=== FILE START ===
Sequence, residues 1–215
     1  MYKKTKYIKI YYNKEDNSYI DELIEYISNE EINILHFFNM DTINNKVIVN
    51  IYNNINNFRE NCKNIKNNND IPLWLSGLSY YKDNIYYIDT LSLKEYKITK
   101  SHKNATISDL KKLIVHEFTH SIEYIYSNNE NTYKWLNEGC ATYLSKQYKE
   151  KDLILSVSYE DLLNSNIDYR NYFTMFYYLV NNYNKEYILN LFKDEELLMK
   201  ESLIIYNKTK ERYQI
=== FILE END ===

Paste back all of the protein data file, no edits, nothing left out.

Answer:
Sequence, residues 1–215
     1  MYKKTKYIKI YYNKEDNSYI DELIEYISNE EINILHFFNM DTINNKVIVN
    51  IYNNINNFRE NCKNIKNNND IPLWLSGLSY YKDNIYYIDT LSLKEYKITK
   101  SHKNATISDL KKLIVHEFTH SIEYIYSNNE NTYKWLNEGC ATYLSKQYKE
   151  KDLILSVSYE DLLNSNIDYR NYFTMFYYLV NNYNKEYILN LFKDEELLMK
   201  ESLIIYNKTK ERYQI